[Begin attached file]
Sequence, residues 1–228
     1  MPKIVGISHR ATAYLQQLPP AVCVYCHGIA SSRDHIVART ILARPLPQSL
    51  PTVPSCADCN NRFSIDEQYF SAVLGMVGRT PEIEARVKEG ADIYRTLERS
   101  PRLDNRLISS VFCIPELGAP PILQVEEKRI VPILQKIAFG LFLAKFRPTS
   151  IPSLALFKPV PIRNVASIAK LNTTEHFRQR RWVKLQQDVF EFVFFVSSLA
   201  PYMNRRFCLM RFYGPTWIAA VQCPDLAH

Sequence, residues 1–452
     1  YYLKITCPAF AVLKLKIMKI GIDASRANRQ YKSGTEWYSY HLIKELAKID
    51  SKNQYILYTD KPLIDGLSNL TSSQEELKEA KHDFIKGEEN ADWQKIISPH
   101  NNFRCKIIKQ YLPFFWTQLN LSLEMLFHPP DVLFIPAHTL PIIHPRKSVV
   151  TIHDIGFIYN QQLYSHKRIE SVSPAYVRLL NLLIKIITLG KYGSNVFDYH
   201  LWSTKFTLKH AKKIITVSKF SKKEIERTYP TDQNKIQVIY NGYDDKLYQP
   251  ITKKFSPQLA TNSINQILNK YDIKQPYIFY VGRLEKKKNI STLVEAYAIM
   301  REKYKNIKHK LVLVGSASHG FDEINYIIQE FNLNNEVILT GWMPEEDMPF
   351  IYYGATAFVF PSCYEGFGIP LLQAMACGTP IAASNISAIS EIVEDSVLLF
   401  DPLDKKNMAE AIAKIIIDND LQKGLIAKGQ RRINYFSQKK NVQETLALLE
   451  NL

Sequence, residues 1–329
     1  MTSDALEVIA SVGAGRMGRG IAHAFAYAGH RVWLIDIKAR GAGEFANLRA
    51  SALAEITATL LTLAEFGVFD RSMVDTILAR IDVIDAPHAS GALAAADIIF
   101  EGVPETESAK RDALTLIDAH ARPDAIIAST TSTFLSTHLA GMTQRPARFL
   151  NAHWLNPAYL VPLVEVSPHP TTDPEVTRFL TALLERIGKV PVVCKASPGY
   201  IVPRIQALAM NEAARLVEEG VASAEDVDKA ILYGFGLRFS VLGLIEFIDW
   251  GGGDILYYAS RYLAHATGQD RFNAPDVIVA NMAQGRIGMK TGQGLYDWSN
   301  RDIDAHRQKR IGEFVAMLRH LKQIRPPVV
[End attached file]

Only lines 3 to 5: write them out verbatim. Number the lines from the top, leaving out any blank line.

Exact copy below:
    51  PTVPSCADCN NRFSIDEQYF SAVLGMVGRT PEIEARVKEG ADIYRTLERS
   101  PRLDNRLISS VFCIPELGAP PILQVEEKRI VPILQKIAFG LFLAKFRPTS
   151  IPSLALFKPV PIRNVASIAK LNTTEHFRQR RWVKLQQDVF EFVFFVSSLA